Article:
This book outlines with theoretical and literary historical rigor a highly innovative approach to the writing of Russian literary history and to the reading of canonical Russian texts. "Anticipatory plagiarism” is a concept developed by the French Oulipo group, but it has never to my knowledge been explored with reference to Russian studies. The editors and contributors to the proposed volume – a blend of senior and beginning scholars, Russians and non-Russians – offer a set of essays on Gogol, Dostoevsky, and Tolstoy which provocatively test the utility of AP as a critical tool, relating these canonical authors to more recent instances, some of them decidedly non-canonical. The senior scholars who are the editors and most of the contributors are truly distinguished. The volume is likely to receive serious attention and to be widely read. I recommend it with unqualified enthusiasm.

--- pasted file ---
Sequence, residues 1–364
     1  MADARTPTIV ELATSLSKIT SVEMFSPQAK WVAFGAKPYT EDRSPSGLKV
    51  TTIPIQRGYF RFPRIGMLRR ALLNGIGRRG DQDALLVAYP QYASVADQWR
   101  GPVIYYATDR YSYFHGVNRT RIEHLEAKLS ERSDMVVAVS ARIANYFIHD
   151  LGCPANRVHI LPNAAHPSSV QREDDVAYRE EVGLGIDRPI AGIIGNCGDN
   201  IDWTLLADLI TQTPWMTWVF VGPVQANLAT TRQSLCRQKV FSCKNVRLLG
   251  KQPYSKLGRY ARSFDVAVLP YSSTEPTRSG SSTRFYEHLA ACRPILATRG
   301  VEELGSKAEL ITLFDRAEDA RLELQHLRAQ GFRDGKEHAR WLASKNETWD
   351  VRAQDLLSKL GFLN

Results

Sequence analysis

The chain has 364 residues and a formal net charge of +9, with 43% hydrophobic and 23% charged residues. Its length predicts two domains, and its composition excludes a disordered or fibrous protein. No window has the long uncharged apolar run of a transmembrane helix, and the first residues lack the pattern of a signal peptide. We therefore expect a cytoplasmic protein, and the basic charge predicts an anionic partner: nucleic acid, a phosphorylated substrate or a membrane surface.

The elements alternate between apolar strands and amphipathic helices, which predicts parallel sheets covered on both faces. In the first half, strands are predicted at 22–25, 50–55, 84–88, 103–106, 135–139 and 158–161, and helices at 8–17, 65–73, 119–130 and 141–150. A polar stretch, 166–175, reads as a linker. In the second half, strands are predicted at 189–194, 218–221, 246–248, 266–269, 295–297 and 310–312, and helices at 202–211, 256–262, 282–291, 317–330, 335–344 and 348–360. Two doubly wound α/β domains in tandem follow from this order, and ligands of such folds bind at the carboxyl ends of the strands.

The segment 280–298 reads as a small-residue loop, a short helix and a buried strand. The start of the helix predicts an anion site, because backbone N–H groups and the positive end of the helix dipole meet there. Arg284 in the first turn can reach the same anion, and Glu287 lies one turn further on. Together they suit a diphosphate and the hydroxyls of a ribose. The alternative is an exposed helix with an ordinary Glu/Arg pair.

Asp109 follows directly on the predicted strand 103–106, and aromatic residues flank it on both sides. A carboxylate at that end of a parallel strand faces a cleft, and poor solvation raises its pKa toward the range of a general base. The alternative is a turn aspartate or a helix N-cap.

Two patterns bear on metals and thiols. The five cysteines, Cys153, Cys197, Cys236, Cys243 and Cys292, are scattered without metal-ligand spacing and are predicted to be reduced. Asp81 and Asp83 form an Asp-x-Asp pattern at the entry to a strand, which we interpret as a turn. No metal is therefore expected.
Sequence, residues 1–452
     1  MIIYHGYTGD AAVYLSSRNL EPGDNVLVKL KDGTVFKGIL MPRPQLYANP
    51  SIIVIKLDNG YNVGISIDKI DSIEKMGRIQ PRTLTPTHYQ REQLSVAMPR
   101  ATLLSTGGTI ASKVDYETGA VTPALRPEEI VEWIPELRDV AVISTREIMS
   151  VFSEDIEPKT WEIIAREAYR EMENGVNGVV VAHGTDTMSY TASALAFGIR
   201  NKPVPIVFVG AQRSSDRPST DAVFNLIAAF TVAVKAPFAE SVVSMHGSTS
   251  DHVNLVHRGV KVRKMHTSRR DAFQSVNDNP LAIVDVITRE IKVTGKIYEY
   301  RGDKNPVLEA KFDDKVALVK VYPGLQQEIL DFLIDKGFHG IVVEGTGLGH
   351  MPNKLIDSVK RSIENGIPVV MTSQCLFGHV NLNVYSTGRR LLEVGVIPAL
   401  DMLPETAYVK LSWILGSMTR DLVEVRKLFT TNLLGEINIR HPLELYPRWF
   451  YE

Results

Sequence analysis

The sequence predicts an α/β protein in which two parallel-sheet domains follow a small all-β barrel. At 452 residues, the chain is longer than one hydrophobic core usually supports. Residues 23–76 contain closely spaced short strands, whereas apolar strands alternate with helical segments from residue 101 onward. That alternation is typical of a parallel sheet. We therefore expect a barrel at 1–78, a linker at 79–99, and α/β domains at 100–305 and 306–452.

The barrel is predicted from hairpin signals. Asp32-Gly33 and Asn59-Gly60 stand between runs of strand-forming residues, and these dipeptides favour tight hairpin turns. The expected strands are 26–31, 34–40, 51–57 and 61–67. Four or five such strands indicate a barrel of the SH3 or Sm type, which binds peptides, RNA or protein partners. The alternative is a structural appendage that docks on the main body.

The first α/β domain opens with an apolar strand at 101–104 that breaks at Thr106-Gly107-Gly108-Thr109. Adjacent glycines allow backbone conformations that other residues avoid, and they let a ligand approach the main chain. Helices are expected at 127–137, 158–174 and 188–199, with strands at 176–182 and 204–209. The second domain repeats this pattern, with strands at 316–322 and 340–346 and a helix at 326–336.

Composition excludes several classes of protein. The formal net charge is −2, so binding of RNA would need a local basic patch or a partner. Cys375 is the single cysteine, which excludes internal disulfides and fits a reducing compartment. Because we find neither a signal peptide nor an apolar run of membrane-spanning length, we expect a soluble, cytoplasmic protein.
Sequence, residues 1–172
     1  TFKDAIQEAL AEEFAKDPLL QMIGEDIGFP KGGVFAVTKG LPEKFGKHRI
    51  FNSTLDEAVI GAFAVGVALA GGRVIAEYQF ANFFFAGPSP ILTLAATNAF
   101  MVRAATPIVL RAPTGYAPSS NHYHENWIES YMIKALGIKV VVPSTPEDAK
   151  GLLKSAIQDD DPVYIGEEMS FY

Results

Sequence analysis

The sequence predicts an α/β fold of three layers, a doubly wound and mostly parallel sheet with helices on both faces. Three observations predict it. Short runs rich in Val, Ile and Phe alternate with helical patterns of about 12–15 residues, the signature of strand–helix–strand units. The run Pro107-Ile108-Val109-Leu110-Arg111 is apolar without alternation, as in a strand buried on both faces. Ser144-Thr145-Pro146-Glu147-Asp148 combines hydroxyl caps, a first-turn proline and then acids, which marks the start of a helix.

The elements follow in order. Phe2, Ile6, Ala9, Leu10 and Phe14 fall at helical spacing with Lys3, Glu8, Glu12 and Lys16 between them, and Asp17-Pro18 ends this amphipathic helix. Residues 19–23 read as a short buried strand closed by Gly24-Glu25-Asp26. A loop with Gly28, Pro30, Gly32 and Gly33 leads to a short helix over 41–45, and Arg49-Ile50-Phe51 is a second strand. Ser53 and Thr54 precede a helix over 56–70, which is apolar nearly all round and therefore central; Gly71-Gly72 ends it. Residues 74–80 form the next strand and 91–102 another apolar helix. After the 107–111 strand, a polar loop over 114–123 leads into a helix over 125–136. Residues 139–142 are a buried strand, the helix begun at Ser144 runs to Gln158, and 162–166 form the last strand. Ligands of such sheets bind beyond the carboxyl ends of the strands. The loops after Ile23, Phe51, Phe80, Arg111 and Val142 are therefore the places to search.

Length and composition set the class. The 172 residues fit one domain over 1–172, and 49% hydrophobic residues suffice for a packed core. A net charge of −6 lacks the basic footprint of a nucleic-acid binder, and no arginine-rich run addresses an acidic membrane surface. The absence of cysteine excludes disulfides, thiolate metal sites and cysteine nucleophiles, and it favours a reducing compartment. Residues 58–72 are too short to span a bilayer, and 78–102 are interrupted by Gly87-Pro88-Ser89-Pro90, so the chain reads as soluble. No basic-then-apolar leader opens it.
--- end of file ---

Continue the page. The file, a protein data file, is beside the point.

William Mills Todd III
Harry Tuchman Levin Professor of Literature, Harvard University
[...] admirably clear, jargon-free and balanced introduction [...] everyone should read the introduction to this book [...] a scrupulously edited volume [...] As a retired academic who gave many lectures on Gogol, Dostoevsky and Tolstoy, and sometimes struggled to find anything new to say, I wish I had had this book to hand.
East-West Review Journal of the Great Britain-Russia Society, vol. 20, no. 3,